A Grateful Remembrance
This year was filled with many rivers to cross for my family and me. My mother crossed her final river a couple of weeks ago. We were deeply saddened to see her go, but she was in tremendous physical pain her last few days, and as my Aunt Gloria said so simply and eloquently to me earlier this week, “that’s what makes us let ‘em go.”
My mother was a young child during the Great Depression. Her family could not afford to have a portrait shot taken of her, as they did of her two older siblings. In fact, there are no pictures at all of her as a child. There was, however, a drawing of a little brown skinned angel in the house, so whenever she would ask her mother where her picture was, my grandmother, Mama Dear, would tell her “Look at that angel, that’s you.”
And my mother was an angel to so many throughout her life. Several generations of children, of all ages, and whether they were related to her or not, called her Nanny. My Uncle Reiss has said, she took on the role of being his angel as an adolescent and young woman. When she married, she took on the job of loving and caring for us, her children, as a mother. She took on caring for Mama Dear's, and her sister, Adele, through long illnesses and the end of their lives. When my Aunt Adele’s youngest child, Illona, was born only 10 days after my youngest brother, Eric, she took on caring for her, carting them around like twins. When we were grown, she finally took the opportunity to begin the task of caring excellently for herself. And when my Aunt Adele’s children had children of their own, she became their de facto grandmother.
She taught me to read at a very early age, and instilled a love of words in me that remains to this day. It was her life’s calling. Not only did she teach countless other children to read throughout her career as an early childhood teacher, she continued her mission as a volunteer, taking books into schools in underprivileged areas with Reading is Fundamental, well into her retirement. She was still reading books that I, or others, brought to her in the last three months whenever she could manage.
It didn’t stop with early childhood reading. She believed in education. She was ever grateful for the opportunity to receive a college education (she was the recipient of a music scholarship to Xavier University), and worked tirelessly on behalf of Xavier, her and my father’s alma mater. By the way, in gratitude to Xavier for providing her with her education, she made a decision to now give back with the establishment of the Phenella Perez Educational Scholarship Fund.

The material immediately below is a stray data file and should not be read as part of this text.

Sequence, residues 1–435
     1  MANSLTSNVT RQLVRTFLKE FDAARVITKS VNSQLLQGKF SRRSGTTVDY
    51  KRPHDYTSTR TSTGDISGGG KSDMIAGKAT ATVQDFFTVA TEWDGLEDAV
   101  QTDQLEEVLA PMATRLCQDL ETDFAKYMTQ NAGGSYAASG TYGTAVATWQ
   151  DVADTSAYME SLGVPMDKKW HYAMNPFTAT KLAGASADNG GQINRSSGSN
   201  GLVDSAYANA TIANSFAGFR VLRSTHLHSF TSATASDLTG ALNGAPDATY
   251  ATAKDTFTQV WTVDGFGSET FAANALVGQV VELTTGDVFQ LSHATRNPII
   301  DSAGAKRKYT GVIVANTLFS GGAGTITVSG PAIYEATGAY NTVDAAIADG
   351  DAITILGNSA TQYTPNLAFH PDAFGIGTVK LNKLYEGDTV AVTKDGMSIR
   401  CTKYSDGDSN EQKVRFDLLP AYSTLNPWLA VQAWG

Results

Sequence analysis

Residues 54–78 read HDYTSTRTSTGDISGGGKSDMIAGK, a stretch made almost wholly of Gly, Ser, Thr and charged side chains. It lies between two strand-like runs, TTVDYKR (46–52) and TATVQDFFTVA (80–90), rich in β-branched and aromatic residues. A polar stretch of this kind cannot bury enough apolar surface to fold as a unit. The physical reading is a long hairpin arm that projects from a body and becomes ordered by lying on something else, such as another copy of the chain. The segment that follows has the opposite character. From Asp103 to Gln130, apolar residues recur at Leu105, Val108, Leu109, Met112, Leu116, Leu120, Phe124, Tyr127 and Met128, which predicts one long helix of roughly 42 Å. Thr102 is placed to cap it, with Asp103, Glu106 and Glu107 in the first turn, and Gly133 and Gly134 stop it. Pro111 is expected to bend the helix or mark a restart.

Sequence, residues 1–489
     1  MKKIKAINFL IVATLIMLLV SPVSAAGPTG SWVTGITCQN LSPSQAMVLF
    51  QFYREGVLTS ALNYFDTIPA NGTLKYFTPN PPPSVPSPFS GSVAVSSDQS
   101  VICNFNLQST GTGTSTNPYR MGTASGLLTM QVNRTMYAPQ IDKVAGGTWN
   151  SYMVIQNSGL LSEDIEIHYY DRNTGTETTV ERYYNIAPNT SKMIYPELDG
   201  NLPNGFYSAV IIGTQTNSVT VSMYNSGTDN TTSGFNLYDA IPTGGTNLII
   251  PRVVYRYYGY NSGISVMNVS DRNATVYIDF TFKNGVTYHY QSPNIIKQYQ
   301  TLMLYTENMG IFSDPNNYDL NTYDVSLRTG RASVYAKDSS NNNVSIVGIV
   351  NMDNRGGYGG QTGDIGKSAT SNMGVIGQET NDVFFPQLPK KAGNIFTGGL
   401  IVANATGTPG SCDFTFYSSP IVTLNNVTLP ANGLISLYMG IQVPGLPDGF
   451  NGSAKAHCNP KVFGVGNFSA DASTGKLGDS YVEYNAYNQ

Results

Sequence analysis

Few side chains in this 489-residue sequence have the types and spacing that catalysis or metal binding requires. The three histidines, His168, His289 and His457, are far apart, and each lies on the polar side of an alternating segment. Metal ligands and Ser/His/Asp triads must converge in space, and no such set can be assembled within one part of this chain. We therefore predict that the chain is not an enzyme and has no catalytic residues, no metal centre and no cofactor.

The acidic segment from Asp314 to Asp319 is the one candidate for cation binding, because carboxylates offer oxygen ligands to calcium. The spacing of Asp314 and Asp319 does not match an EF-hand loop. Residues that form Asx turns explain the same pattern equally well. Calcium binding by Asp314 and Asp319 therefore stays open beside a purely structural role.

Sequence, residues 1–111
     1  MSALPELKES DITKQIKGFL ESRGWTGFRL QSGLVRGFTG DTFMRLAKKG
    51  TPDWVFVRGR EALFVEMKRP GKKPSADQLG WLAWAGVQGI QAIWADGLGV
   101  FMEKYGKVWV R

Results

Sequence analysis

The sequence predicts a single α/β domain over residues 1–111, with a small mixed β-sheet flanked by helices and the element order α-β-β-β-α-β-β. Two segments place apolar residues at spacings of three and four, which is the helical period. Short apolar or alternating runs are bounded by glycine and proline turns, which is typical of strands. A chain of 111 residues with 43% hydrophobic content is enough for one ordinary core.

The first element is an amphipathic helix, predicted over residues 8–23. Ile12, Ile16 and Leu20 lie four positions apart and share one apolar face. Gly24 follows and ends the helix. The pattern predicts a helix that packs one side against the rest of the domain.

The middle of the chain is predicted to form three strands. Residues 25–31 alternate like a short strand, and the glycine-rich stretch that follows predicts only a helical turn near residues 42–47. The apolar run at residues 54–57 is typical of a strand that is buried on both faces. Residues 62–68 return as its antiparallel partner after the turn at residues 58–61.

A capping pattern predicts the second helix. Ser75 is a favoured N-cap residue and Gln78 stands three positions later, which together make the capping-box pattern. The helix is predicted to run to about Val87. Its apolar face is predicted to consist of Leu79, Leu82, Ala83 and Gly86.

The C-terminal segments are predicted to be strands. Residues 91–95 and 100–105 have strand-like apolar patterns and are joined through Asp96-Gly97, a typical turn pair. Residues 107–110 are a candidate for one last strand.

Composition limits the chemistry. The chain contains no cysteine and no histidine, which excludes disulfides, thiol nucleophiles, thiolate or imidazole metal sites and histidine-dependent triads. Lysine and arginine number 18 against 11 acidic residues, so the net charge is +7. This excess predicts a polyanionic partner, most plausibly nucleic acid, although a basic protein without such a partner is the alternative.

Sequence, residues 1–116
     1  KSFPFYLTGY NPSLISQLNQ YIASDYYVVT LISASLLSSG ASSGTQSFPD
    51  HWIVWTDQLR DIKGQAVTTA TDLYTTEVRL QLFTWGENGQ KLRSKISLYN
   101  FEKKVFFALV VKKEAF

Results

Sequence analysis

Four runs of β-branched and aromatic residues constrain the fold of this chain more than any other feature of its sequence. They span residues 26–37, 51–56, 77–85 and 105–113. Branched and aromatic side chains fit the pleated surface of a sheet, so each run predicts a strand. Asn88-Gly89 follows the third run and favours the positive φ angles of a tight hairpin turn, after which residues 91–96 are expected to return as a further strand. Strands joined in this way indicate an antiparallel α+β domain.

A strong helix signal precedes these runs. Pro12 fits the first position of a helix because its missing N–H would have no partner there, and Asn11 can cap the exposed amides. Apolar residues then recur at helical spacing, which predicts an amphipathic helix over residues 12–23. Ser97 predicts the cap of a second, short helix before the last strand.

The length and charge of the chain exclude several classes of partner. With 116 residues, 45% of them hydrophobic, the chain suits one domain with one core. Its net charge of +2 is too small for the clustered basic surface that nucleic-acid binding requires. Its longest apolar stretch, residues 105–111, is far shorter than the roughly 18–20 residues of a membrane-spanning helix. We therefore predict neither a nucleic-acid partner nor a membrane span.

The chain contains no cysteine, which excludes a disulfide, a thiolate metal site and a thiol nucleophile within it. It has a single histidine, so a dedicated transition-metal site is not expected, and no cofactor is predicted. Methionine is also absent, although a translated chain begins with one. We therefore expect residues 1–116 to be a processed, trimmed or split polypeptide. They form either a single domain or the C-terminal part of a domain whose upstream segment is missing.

My mother and I have very different personalities, and different ways of dealing with things. There were times I could become very frustrated because of that, but the older I got, the wiser my mother became to me. One of the greatest lessons she quietly taught me in her later life, was that just because someone else did something wrong, didn’t mean I shouldn’t do the right thing. It’s a lesson I’m still working on.
I was still learning from her until the end. She had a final lesson to teach us in her last few months. As she grew ill, it became our loving task to care for her. She faced her last days with tremendous courage and serenity. Although she was willing to do whatever her doctors recommended to save her life, and although she worked diligently with the physical and occupational therapists (they grew to love her, too) to restore her physical life, she accepted from the beginning that it may be her time, and she was ready to go. She gently encouraged us, her children and brothers, as the time grew nearer, to let go, as well.
I am grateful for all the lessons.
We will miss her tremendously, but we take comfort in knowing there were at least as many who love her, both those we knew, and those we learned of only through the stories she told us, waiting to greet her on the other side.